One of the things that RPG isn’t particularly good at is string scanning & manipulation.
Many other programming languages support using Regular Expressions (or regex, as they are often referred to). Java, PHP, Node.JS, Python, & Perl have support for regex’s built in.
Regular expressions are a very powerful tools for parsing, analyzing, and manipulating text. It should be noted, however, that with such power also comes the possibility for complexity. Some regular expressions can get VERY VERY complex. See the end of this post for a VERY complex expression.
A true regex master can create a functioning expression that is indistinguishable from modem line noise. – Unknown (maybe me)
As a Mac user, I sometimes find my self needing to use Windows 10. To do this, I run it using the Parallels virtual machine manager.
One thing that bothered me, when was running Windows in full screen mode, was that the MacOS dock would pop up when I moved the mouse pointer to the Windows task bar.
I would have to move the mouse pointer away from the dock, let it drop back down, and then move the pointer back to the Windows task bar without going to the bottom of the screen.
I’ve started a personal open source project. Something I’ve been meaning to do for quite a while.
The project is PCMLTOOLS — utilities designed to make working with the Java Toolkit for IBM i (JT400)’s Program Call Markup Language (PCML) easier to use.
The first tool is a Java class to allow a developer to retrieve a ProgramCallDocument object (which is normally generated from PCML) directly from a *PGM or *SRVPGM object who’s modules were compiled with the PGMINFO(*PCML:*MODULE) option.
The URL for the PCMLTOOLS project is https://github.com/fallingrock/pcmltools.
This is the first open source project that I’ve started … and I’m still getting the hang of github, so it may be rough around edges.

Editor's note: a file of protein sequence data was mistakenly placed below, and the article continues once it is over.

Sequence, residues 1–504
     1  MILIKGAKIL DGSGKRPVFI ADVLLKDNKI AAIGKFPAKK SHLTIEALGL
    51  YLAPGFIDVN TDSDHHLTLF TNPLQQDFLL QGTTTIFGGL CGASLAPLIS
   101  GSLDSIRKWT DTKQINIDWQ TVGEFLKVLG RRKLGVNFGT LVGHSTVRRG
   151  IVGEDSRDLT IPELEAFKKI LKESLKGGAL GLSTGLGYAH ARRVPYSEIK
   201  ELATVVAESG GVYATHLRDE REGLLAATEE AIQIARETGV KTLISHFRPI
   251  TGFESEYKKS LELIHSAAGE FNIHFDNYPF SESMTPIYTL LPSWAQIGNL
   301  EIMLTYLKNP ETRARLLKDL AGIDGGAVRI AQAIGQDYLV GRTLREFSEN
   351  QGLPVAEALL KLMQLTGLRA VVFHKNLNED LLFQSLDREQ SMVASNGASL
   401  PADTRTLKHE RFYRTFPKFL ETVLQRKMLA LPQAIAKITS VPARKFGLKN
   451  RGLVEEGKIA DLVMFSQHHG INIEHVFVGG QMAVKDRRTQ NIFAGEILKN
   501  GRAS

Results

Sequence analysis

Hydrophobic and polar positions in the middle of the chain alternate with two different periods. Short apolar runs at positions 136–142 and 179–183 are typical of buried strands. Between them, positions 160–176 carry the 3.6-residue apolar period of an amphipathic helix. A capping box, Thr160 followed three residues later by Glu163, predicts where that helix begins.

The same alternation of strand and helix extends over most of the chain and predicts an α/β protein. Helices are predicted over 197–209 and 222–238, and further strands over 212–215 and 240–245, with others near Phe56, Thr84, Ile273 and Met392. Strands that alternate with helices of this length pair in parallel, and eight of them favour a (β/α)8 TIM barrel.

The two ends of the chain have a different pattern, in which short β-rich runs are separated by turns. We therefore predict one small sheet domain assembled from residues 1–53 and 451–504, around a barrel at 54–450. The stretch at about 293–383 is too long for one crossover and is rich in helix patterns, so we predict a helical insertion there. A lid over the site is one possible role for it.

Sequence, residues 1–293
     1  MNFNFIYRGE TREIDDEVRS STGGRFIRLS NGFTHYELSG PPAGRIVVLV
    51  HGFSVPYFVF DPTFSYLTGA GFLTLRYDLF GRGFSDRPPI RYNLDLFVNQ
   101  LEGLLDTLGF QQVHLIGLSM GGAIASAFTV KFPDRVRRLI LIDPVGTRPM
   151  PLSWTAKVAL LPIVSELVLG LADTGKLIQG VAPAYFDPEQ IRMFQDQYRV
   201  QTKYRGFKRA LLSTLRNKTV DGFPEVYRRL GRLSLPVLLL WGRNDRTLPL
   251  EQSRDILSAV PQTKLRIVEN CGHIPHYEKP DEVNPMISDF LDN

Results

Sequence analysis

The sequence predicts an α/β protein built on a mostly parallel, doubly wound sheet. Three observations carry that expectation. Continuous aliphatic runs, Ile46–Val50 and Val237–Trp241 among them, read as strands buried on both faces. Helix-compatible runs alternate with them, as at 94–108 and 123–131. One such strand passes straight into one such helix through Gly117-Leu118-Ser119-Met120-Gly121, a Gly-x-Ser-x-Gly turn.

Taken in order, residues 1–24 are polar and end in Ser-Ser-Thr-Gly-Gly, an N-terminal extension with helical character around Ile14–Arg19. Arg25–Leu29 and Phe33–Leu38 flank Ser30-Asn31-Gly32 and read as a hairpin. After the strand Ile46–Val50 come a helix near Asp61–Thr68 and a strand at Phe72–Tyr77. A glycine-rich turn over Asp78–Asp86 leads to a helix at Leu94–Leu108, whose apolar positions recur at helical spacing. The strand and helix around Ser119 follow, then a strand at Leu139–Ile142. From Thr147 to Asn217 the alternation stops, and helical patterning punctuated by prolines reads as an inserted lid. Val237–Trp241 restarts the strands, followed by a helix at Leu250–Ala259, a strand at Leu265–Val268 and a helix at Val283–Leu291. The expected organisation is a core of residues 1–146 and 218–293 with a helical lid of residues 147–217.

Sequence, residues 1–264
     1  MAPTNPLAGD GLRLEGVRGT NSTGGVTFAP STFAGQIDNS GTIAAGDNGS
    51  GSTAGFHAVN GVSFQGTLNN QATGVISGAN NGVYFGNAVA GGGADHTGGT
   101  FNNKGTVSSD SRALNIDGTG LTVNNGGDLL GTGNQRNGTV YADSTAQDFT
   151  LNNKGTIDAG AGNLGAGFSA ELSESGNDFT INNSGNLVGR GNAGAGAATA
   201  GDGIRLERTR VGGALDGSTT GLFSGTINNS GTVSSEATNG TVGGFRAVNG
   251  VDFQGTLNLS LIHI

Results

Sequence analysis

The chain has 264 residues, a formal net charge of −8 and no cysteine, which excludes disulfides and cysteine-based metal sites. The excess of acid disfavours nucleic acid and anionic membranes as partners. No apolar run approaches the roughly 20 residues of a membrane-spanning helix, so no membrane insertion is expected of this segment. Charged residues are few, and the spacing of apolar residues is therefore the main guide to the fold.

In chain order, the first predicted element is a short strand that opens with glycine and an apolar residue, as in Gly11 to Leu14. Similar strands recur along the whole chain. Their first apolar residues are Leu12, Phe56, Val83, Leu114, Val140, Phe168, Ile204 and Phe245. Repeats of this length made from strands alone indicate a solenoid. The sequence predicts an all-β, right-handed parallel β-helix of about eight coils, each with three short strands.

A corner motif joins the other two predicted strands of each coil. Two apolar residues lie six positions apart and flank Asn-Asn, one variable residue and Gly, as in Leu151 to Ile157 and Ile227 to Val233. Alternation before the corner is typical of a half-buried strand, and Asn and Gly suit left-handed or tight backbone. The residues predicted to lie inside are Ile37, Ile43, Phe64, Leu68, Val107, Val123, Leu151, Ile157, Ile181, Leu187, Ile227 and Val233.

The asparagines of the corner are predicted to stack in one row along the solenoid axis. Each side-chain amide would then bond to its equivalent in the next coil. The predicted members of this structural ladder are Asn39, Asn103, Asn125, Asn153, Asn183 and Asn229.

This is a general warning for anyone who owns or manages multiple internet domains.
If you have ever used a domain name, and switched to another one, you should never let the original domain expire.
The reason is, there are nefarious people out there who will buy that abandoned domain, put up content they scraped from an internet archive, and add links to malware or scam sites.
This happened to Ginny’s church’s web site (which I was hosting). They had a domain that had been used but was abandoned in favor of a new domain. Because the old domain wasn’t being used, and all the content had been migrated over, we decided to save some money and stop paying for it.
About a year after that, the domain popped up on the internet as a local church. I was confused by this and looked at the site. It was an almost exact copy of the last version that had been published … except it had links that tried to redirect people to scam sites.
The only thing we could do is file a complaint with the domain registrar. I’m not sure if they ever took it down.
Now, if I have a domain that I had used, I keep paying for it and just set it to do a permanent redirect to the new domain.
The only real exception to this is when I bought a domain with the intention of using it, but never got around to it. In those cases, I just let it lapse, because it’s not going to have content to mimic.
This is a general warning about using the CHGCMDDFT command to change the default value of command parameters for commands in QSYS.
There are a number of reasons not to change parameter defaults on commands in QSYS…
- Any time you upgrade your systems, those default parameter changes will be lost because the commands are completely replaced.
- Although you can identify what commands have had parameter defaults changed, there is no indication of WHAT parameter defaults were changed on a command. To identify what commands have had defaults changed display the command objects description (DSPOBJD) with DETAIL(*SERVICE). If an object has had the parameter defaults changed, the APAR ID will show ‘CHGDFT’.